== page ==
But I'm not saying anything new, or anything that Meeks doesn't know already. All that I'm saying is that if Meeks truly has the interests of Chicago's students at heart he ought to concentrate his energies elsewhere. He can start by proving to the students why every day spent in school is precious.

Monday, August 11, 2008

The hypocrisy of affordable housing "advocates"

Not a peep was heard from them as Chicago Mayor Richard M. Daley set out to bulldoze DuPage County's largest and most vibrant community of low- and moderate-income families.

Read it in the Chicago Daily Observer

Tuesday, August 05, 2008

No comment necessary

Ohio inmate sues in federal court arguing he's too fat for execution process to work properly --

Democratic leaders need constitutional jolt

By Dennis Byrne
Chicago Tribune

Why do Illinois Democrats keep voting for those clowns of theirs?

They'd probably reply that their clowns are a cut above the Republican clowns, and they may be right. But that still leaves the question: How can Democratic voters keep electing the very people who keep assaulting health care, child welfare and other social programs so dear to the Democratic heart?

Even the most reactionary, right-wing troglodytes have not been as successfully obstructionist as Gov. Rod Blagojevich, Senate President Emil Jones and House Speaker Michael Madigan—Democrats all—whose budget stalemate is giving social service providers fits.

The Illinois Alcoholism and Drug Dependence Association warns that the budgetary inaction could throw 42,000 of their clients "out on the street." Almost $600 million in Medicaid-related cuts, which will cause the loss of federal Medicaid funds, will "artificially" hold expenditures to last year's budget levels in the Department of Children and Family Services, despite generally rising health-care costs, said Sen. Christine Radogno (R-Lemont). Other state agencies and providers have joined in the lament and demand action.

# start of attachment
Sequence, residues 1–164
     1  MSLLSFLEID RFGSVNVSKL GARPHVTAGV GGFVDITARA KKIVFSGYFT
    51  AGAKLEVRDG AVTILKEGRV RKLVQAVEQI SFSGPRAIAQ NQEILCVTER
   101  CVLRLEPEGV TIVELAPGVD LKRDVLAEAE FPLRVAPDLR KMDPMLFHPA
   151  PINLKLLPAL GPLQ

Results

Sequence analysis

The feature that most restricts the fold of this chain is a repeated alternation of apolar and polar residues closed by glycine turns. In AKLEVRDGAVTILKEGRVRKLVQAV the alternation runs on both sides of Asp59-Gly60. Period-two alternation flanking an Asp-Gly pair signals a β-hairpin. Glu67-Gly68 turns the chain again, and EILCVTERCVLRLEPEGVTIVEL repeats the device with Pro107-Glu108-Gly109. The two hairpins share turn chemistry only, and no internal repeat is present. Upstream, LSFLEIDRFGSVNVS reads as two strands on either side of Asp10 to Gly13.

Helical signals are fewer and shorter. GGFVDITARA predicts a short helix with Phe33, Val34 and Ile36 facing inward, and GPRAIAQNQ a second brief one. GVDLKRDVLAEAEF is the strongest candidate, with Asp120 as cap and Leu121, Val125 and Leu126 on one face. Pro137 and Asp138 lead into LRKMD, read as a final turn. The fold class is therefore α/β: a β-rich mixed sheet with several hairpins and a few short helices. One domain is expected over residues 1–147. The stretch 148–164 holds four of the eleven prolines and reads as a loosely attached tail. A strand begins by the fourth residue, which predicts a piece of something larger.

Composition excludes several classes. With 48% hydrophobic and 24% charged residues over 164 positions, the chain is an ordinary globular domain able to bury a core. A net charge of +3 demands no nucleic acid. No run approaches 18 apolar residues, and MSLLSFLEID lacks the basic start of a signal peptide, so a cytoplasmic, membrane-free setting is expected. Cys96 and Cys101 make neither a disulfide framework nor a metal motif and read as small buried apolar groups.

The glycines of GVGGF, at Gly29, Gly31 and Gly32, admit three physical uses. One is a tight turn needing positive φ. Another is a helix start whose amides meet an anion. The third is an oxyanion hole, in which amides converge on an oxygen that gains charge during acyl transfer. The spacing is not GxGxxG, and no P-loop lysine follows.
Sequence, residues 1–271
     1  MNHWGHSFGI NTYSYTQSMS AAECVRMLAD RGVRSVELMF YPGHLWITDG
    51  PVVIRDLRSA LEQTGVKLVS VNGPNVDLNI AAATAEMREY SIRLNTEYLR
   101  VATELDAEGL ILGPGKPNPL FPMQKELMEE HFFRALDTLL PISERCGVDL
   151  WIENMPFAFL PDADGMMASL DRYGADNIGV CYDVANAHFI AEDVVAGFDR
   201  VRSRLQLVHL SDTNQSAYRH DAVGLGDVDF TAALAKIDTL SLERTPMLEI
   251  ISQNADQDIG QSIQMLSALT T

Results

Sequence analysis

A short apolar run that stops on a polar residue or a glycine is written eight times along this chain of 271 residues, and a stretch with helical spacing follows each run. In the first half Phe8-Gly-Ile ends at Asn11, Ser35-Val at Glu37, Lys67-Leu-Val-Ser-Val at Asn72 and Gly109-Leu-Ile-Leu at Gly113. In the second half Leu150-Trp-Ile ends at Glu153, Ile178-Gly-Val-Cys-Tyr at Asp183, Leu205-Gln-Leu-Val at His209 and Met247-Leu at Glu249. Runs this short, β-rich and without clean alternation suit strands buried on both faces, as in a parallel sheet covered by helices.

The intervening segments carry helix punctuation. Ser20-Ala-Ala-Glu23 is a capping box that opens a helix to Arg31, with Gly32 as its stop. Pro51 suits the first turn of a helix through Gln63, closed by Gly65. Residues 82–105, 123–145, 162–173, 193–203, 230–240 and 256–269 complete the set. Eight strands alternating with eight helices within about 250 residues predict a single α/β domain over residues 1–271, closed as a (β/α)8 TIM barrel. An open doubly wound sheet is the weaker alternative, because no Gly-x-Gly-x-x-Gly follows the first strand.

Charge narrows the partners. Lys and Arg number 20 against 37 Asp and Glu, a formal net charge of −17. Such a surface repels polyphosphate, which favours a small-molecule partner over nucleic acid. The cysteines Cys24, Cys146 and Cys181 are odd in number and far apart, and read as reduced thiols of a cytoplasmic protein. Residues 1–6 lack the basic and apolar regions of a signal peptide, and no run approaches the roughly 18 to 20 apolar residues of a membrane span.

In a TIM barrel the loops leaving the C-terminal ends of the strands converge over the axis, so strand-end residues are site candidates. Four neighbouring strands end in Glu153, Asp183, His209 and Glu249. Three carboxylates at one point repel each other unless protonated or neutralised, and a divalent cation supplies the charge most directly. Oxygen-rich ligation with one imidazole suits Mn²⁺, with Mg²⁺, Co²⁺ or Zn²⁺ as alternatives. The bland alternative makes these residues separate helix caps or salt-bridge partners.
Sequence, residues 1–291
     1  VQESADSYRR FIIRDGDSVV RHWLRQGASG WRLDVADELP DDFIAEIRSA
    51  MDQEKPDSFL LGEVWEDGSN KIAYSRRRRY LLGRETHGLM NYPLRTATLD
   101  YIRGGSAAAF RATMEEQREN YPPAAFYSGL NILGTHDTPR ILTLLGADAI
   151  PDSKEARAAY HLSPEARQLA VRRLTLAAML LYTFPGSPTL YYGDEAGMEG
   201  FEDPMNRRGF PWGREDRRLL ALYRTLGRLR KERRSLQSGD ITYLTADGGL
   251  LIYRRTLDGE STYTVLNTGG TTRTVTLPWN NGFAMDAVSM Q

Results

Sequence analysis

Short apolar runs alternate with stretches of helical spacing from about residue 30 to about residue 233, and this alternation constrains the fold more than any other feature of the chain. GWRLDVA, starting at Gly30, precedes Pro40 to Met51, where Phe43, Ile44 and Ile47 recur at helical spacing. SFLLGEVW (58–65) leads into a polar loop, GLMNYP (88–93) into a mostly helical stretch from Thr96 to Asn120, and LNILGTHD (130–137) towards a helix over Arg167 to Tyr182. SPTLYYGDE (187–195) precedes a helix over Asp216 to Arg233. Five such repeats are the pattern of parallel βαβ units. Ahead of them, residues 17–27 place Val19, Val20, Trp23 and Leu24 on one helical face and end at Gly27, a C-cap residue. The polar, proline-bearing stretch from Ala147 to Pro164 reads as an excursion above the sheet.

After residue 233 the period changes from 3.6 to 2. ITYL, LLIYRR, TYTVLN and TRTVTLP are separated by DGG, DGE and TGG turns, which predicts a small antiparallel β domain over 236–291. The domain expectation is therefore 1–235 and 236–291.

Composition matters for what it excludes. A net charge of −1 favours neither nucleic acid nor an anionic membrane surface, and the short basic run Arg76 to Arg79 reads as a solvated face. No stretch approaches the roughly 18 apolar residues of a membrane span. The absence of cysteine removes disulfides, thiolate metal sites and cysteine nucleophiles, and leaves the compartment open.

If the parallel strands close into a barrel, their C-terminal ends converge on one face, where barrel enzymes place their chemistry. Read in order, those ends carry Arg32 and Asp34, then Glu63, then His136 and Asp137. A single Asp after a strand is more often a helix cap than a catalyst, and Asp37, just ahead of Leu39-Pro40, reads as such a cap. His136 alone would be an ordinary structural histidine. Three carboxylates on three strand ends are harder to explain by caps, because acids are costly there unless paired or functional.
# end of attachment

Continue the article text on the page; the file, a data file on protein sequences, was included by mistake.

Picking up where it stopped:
All told, Blagojevich line-item vetoed $1.4 billion out of the state's proposed $59 billion budget, with more reductions in the making. The governor made the cuts because, he said, the Illinois House, under Madigan's direction, had passed a budget without enough revenues to cover the costs. That is true enough.

(A clarification: "Cuts" is a term used too loosely by politicians and journalists. Cuts are not always reductions in year-to-year spending. In fact, a cut could leave a program with an actual funding increase over last year. That's because the cuts discussed here actually are reductions in what was originally proposed. Senate Republicans said of the $1.4 billion in Blagojevich's cuts, 70 percent are simply the elimination of proposed spending increases. For example, some politicians moaned that education funds were being cut, but schools still were in line for tens of millions of additional state subsidies.)